I received an e-ARC from Soho Teen via Edelweiss in exchange for an honest review.
Title: The Devil and Winnie Flynn
Authors: Micol Ostow and David Ostow
Publisher: Soho Teen
Publication Date: October 13, 2015
Summary (from Goodreads): Told as an ongoing letter to a friend, Winnie’s story is a heartrending mystery and a pop culture critique in the vein of Libba Bray’s Going Bovine and Beauty Queens—with illustrations throughout that recall the quirky, dark, and distinct aesthetics of Ransom Riggs’s Miss Peregrine’s Home for Peculiar Children.
Winnie Flynn doesn’t believe in ghosts. (Though she wouldn’t mind a visit from her mom, explaining why she took her own life.) When her mysterious aunt Maggie, a high-profile TV producer, recruits Winnie to spend a summer working as a production assistant on her current reality hit, Fantastic, Fearsome, she suddenly finds herself in the one place her mother would never go: New Jersey.
New Jersey’s famous Devil makes perfect fodder for Maggie’s show. But as the filming progresses, Winnie sees and hears things that make her think that the Devil might not be totally fake after all. Things that involve her and her family. Things about her mother’s death that might explain why she’s never met Aunt Maggie until now.
Winnie soon discovers her family’s history is deeply entwined with the Devil’s. If she’s going to make it out of the Pine Barrens alive, she might have to start believing in what her aunt is telling her. And, find out what she isn’t.
The Devil and Winnie Flynn is the ultimate book to get you ready for Halloween! Written as a letter, this book has such an amazing and unique concept that I loved every minute of. However, towards the end of the book, there was far too much paranormal for my taste, despite the fact that the whole book is paranormal.
The Devil and Winnie Flynn is written in a very mysterious way that really suits the book. It is told as a letter from the main character to a friend. I’ve always liked this idea because it gives the story an actual purpose to be told in the first person. Winnie is writing to her friend,Lu, about all her paranormal experiences that occur throughout this book while she is on set of her aunt’s TV show. At first, I found it strange that the book is written as a letter, but once you get into it, it becomes really enjoyable.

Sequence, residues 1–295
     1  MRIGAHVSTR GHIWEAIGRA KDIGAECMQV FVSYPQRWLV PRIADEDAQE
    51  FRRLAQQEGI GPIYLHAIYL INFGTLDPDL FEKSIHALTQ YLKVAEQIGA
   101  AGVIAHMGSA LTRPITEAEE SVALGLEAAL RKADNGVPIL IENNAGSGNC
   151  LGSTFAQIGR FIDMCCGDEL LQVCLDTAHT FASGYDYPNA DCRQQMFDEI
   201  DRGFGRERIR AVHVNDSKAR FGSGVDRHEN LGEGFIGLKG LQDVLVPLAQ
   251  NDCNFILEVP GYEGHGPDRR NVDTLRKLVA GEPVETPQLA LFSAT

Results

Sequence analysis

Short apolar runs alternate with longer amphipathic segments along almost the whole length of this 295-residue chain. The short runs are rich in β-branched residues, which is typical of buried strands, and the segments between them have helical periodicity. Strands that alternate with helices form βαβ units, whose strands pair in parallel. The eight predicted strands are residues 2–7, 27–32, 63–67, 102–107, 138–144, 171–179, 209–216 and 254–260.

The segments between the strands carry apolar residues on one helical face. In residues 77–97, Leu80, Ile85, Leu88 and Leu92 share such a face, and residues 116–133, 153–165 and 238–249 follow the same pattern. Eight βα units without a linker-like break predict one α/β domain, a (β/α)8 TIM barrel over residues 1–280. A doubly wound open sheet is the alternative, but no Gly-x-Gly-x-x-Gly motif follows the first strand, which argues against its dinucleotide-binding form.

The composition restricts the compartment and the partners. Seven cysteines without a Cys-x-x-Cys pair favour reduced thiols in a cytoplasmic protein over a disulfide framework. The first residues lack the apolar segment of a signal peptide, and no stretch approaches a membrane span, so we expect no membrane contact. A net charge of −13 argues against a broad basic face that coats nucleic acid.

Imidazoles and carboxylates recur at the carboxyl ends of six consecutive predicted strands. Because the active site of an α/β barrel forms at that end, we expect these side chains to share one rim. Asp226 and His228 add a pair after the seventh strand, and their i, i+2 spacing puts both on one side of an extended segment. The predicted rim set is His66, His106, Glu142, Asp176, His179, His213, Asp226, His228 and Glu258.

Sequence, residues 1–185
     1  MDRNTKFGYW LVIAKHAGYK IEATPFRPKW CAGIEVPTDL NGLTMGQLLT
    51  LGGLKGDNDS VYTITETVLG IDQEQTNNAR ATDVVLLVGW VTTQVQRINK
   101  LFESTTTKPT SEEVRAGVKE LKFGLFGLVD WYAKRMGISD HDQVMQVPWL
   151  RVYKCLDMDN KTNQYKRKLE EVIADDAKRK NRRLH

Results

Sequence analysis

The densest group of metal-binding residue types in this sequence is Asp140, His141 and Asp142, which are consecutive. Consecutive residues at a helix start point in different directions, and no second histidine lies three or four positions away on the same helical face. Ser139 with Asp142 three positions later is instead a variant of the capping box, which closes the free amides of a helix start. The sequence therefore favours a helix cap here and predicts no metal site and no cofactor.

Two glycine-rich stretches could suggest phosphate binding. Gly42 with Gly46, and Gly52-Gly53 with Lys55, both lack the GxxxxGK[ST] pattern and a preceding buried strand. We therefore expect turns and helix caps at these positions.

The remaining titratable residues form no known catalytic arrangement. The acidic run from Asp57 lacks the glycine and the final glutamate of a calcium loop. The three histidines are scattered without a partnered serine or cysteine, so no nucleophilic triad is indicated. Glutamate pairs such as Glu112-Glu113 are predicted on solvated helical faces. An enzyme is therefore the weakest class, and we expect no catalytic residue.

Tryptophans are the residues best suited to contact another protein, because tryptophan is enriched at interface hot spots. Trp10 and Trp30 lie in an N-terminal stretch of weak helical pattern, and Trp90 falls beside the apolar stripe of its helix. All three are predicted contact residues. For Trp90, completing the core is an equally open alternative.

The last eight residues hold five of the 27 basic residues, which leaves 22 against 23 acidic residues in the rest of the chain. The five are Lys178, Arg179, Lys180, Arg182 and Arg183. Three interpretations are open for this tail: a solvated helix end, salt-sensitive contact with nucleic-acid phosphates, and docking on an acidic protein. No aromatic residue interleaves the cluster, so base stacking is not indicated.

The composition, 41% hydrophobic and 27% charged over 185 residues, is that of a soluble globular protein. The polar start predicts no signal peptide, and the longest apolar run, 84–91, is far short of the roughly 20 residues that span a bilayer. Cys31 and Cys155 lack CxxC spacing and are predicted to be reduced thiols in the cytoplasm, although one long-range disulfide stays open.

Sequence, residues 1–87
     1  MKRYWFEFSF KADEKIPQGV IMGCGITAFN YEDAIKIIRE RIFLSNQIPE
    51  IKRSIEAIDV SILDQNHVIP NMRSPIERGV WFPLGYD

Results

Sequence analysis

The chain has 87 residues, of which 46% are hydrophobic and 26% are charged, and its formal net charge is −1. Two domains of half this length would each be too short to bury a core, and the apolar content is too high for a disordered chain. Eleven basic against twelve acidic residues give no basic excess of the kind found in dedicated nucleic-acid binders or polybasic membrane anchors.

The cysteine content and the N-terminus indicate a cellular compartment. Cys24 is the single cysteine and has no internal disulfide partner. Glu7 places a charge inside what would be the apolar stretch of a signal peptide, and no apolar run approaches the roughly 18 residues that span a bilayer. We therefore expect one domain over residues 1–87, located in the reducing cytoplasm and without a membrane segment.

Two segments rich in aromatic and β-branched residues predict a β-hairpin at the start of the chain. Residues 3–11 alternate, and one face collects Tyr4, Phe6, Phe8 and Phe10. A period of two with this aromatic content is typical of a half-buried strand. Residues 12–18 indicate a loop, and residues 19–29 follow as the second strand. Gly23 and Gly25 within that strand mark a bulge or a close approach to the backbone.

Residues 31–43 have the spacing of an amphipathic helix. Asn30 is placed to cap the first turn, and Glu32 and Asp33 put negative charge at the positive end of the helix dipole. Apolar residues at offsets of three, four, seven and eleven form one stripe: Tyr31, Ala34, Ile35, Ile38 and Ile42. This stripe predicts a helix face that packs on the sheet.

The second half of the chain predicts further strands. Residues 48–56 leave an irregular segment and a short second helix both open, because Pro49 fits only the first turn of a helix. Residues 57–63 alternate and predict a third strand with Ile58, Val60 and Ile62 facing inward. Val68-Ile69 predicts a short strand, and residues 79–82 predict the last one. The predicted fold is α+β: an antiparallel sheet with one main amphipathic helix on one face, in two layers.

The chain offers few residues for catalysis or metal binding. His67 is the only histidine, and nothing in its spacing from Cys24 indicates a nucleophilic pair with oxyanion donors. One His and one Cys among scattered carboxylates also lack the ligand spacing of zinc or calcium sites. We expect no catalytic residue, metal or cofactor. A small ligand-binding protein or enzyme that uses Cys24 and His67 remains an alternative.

The plot of this story is quit unique. It is about a girl who is helping to produce a TV show, which she doesn’t want to do. I found this to be a really interesting change from other TV show books where the main character is the star. What Sets this book apart is the concept of how Winnie’s role on the show reflects her personality. She is more of a behind the scenes kind of girl, than one demanding attention all the time. I always love when books show characters’ identities through their work.
Possibly, my experience in the paranormal genre is not that broad, because this book gets so paranormal it becomes too much. The beginning of the novel starts off fine, but then the story seems to veer off in all sorts of paranormal directions. Without spoiling the book, the ending just seemed to scatter all over the place. I think the book would have been much better without that whole section. I honestly loved everything else about The Devil and Winnie Flynn, but the intensity of the paranormal lost me.
The Devil and Winnie Flynn is told as a letter and has a very fascinating TV show concept. Unfortunately, the levels of paranormal were too high for me to enjoy the rest of the book. I would definitely recommend this book to fans of Miss Peregrine’s, though, because there are many similar elements .